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Imagine that you have to write something in a language that is not your mother tongue. This happens frequently to, for example the 22 million native Spanish-speaking people in the United States. A technophile might say: let them write in Spanish and then have the computer translate it to English. The problem is that such automatic machine translation is not yet good enough. The technology can help professional translators do their job faster, but it is of little use to someone who doesnt recognize the sometimes subtle mistakes made by the translation program. If the writer is not confident in the target language, the “help” from machine translation holds little value.

A tool introduced recently in China by Microsoft helps writers who are not native in English to write better English. Called the English Writing Wizard, it is the first product that addresses the difficult task of giving suggestions to someone who has little or no ability to distinguish between good and bad advice. Although the wizard can help with translation, it is not, strictly speaking, a machine translation tool. It is more akin to the grammar checkers familiar to users of common word-processing programsbut enhanced to work with people not native in English. A writer uncertain about how to phrase an idea in English can type it directly in Chinese and get a high-quality translation. The wizard can also detect errors typical for Chinese speakers writing in English, such as forgotten or incorrect articlesa mistake made by few native English speakers.

The writing wizard is the result of work by Ming Zhou, a natural language processing and machine translation specialist at Microsoft Research Asia in Beijing. Using large numbers of Chinese and English texts, Zhou and his colleagues have learned what mistakes are common and what the writer probably intended. Using this quantitative approachlarge sets of texts rather than complicated language rulesthey also join the statistical trend from the last couple of years. It has proven far more effective than expected.

Before coming to Microsoft, Zhou was a professor of computer science at Tsinghua University, where he designed software that translated between Chinese and Japanese. He also designed the CEMT-I machine translation system, the first experiment of Chinese-English machine translation in China. Despite this work, Zhou doesn’t think that machine translation technology is, for the most part, good enough to serve as a writing aid.

In our new tool we only translate words and phrases, never whole sentences because the user must feel confident with the translation, says Zhou. The ideal user is someone who has good knowledge of the second language, but still needs advice on specific words and phrases, as well as help in detecting errors characteristic of Chinese speakers.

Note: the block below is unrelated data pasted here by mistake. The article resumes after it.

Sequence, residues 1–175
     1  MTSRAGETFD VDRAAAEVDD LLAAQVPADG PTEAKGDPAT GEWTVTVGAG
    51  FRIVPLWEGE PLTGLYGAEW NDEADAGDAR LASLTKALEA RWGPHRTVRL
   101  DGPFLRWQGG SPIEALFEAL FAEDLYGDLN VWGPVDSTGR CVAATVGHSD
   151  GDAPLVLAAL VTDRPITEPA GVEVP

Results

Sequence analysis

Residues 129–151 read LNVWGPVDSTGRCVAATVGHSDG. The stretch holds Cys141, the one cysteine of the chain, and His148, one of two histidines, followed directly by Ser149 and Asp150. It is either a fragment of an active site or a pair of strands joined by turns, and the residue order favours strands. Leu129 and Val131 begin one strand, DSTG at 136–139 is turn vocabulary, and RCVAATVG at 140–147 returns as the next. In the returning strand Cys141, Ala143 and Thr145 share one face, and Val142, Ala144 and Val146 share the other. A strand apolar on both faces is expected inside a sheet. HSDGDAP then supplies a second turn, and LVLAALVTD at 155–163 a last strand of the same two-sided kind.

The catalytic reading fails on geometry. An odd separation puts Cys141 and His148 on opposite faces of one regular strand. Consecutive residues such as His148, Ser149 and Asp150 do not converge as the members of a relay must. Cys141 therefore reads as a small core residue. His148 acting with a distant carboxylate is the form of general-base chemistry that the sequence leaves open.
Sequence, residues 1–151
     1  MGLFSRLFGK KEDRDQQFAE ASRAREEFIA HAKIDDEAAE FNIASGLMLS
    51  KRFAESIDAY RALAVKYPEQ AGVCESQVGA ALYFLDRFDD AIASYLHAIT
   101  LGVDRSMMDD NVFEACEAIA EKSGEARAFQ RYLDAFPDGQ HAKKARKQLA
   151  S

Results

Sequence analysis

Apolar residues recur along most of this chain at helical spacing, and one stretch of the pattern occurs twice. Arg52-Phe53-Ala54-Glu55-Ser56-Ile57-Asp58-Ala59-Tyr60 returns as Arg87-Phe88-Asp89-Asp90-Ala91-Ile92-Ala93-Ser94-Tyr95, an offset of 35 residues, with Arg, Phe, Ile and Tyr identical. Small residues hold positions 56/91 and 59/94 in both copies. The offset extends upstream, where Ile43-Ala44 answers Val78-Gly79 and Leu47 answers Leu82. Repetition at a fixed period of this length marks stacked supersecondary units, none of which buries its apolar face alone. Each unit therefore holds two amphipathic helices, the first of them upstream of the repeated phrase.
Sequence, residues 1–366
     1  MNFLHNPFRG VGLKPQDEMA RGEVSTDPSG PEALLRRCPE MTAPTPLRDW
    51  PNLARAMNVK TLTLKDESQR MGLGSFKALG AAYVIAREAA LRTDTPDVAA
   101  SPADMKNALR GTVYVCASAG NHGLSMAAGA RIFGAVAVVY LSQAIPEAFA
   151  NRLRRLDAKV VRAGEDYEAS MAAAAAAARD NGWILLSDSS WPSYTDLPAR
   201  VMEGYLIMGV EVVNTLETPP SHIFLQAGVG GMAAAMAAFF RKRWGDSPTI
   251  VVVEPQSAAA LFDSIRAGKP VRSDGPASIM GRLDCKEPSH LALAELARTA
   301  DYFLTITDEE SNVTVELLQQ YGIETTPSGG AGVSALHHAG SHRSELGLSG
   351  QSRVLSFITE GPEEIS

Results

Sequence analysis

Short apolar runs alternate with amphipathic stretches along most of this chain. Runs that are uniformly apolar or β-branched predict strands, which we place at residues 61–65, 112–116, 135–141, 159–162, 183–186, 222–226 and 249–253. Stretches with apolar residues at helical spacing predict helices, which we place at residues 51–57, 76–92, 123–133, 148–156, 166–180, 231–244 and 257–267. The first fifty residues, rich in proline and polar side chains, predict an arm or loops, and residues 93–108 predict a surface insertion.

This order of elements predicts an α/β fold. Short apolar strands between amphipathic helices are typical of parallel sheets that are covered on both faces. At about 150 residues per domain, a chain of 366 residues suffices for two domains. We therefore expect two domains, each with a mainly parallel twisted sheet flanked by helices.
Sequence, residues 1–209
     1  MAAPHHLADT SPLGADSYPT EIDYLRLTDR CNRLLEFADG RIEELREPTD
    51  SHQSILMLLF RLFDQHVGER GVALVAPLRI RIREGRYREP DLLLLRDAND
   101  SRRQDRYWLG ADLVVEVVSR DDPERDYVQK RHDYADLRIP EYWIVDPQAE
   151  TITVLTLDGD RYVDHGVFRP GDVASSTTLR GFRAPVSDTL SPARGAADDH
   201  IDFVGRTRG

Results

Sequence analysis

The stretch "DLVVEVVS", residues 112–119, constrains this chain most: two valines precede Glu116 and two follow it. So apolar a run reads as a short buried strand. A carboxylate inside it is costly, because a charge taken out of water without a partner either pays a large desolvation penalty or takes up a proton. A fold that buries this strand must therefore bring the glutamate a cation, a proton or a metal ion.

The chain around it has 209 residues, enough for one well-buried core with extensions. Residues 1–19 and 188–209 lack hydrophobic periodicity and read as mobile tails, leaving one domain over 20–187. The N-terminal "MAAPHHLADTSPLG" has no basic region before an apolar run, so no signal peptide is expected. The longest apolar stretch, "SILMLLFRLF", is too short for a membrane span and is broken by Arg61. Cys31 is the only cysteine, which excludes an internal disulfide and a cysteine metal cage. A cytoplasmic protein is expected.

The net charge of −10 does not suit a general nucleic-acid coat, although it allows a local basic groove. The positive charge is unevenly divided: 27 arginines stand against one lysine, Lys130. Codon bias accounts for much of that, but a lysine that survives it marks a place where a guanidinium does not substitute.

One feature the Writing Wizard provides is to help users find word combinations that can be used together. Enter the word book as a verb, for example, and you could find phrases such as book flight or book hotel. If you are looking for the best way to thank someone for a gift, you can find a list of adjectives that work with the word present.

Zhou says that the Writing Wizard has been well received by the users, but he concedes that it sometimes gives bad advice. This is a problem that the program has in common with all other language tools: We call it the selection problem,” Zhou says. “Users tend to use the word selected by the wizard even if it is not ideal, because they don’t know any better.

The Writing Wizard is not yet integrated into a word processor the way grammar and spellcheck software is. It runs more like old time checkers, in a separate window. We would like to improve the automation and integration, Zhou says.

Zhou would also like develop the wizard so that it mimics the users’ own texts. When you answer an e-mail, he points out, it is easy to just copy some phrases from the received message to get the correct level of formality or casualness. He envisions a software tool that could help in this process in a more advanced wayfor example, using the words in a question when answering it.

For now, the Writing Wizard is sold only in China and only to large corporate customers. But Zhou wants to add more languages to the system’s repertoire; Japanese and Korean versions would probably come first. And he thinks that with the large base of knowledge his team has built for the Chinese-English wizard, they could easily port the system to other languages, including Spanish, French, and German. Software help for those 22 million Spanish speakers in the U.S. may just be on its way.

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